Monday, July 3, 2017

YOU DID NOT KNOW? "Just as Trump was getting ready to give up, his eyes fell on Hershel Parker’s monumental biography of Herman Melville."


March 12, 2012
My Rejected Shouts and Murmurs Story
copyright 2012 by Andy Jaysnovitch
It all started innocently enough. It was the morning after the Super Bowl and advertising whiz Donny Deutsch was on The Today Show brainstorming new uses for old slogans. Everybody just loved his favorite — “Things Go Better With Trump.” The Donald, watching his pal from his Fifth Avenue aerie while he proofed his latest book, Genghis Khan, My Brother My Mentor: Negotiate Like a Mongol Warrior, gently handed Melania his Limoges tea cup and sprang into action. Knowing that Coca-Cola was on the ropes fighting the junk drinks tax, Trump was able to quickly forge a deal to use the new slogan — so quickly in fact that he was able to do it before The Today Show had left the air. Hearing about this, Matt Lauer and Ann Curry stood there speechless while Al Roker uttered the words that would ultimately lead to the downfall of the mighty Trump empire, a crash that would make the fall of the Roman Empire look like a minor dust-up. And all it took was a new Rokerism: “Well, I guess it’s a Trump, Trump, Trump, Trump world!”
In Hollywood, the moguls were still nestled in their beds when Roker’s words shook the earth, but in Trump-like style, they soon sprang into action. The head of MGM, or what passes for it these days, decided to rerelease It’s A Mad, Mad, Mad, Mad World as It’s a Trump, Trump, Trump, Trump World, and he called on James Cameron to pull off this audacious feat. Cameron spent six days and six nights holed up in an editing room in Burbank and when he emerged at dawn on the seventh day, he triumphantly held aloft his workprint. Under security normally reserved only for heads of state, the police parted the sea of paparazzi and soon Cameron and his film were jetting eastward for the premiere at Radio City Music Hall.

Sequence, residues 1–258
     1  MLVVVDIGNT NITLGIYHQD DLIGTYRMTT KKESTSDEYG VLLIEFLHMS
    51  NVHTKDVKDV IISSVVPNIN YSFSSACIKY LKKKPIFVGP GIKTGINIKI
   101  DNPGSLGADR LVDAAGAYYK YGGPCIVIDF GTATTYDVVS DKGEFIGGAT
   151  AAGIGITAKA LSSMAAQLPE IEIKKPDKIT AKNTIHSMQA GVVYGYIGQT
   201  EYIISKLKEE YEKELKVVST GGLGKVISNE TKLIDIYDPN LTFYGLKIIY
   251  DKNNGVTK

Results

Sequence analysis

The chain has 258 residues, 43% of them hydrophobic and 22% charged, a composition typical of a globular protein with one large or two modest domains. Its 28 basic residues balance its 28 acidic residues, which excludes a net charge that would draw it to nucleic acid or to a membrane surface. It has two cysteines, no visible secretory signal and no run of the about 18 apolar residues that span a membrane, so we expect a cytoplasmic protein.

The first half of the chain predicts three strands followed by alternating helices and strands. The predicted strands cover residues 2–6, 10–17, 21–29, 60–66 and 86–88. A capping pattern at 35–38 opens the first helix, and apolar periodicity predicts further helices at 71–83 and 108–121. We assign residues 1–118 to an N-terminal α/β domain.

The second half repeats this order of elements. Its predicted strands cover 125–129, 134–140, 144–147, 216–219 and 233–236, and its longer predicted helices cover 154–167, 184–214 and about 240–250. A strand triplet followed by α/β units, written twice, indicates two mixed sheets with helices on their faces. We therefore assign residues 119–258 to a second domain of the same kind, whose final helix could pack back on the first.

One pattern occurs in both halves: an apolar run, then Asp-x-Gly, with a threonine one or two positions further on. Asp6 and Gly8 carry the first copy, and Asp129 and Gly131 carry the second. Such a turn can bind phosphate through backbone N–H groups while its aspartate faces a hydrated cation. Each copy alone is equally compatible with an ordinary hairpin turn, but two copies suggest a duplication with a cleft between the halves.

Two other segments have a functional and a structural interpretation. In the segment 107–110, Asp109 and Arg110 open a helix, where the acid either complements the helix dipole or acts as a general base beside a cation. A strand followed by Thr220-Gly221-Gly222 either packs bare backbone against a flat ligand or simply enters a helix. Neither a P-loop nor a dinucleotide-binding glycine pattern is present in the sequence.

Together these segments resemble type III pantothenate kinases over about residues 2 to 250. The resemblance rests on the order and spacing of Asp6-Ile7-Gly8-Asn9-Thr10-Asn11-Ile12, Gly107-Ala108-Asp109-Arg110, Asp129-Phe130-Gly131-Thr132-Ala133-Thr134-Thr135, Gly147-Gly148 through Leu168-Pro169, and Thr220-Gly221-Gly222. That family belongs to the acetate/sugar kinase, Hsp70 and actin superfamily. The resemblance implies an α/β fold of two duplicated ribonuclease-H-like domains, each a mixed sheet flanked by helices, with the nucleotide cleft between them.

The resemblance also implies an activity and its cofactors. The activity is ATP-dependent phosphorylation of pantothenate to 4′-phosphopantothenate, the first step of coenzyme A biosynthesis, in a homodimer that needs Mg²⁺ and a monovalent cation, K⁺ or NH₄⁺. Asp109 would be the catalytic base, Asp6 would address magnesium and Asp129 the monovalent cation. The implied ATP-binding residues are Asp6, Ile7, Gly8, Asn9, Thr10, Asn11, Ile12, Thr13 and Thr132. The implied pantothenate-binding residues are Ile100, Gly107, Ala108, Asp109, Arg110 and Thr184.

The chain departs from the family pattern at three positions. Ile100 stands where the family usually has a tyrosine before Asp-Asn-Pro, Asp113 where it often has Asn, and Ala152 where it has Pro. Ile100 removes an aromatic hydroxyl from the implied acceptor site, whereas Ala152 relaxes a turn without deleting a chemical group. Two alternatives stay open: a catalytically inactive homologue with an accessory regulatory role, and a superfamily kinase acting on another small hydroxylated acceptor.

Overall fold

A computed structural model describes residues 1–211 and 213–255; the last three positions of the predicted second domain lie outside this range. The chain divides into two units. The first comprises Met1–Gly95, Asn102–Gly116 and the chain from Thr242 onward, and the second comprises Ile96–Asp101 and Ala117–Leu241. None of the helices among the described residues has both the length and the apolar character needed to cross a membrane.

In New York, a mob of anxious moviegoers that stretched all the way to the George Washington Bridge had been lining up ever since word of the project had been leaked in the trades. In dramatic fashion (or was it Cameron?), the city was swept by a monumental thunderstorm that lit up the night sky brighter than a thousand klieg lights. Amazingly, only three people were trampled to death when the impatient crowd rushed the theatre. The film proved to be such a resounding success that MGM immediately announced that they had inked Cameron to helm a sequel in which Trump would play all the roles himself except for the irreplaceable Larry Storch character that would be played by his avatar. Not to be outdone, George Lukas quietly parted ways with Harrison Ford and quickly announced his upcoming Indiana Trump and the Search For Scrooge McDuck’s Money Bin, a Disney coproduction.
It was here though that things started to go off the rails. While Trump basked in the afterglow of an adoring public, a mechanic from Massapequa, shrewdly sensing the value of the Trump mystique, was the first to change his name to Donald J. Trump. Then a story broke about a tattoo artist from Tottenville who had managed to parlay his new Donald Trump name change into a business so successful that he was able to afford an apartment in one of the real Trump’s residential castles. It was only a studio though, but it was a start.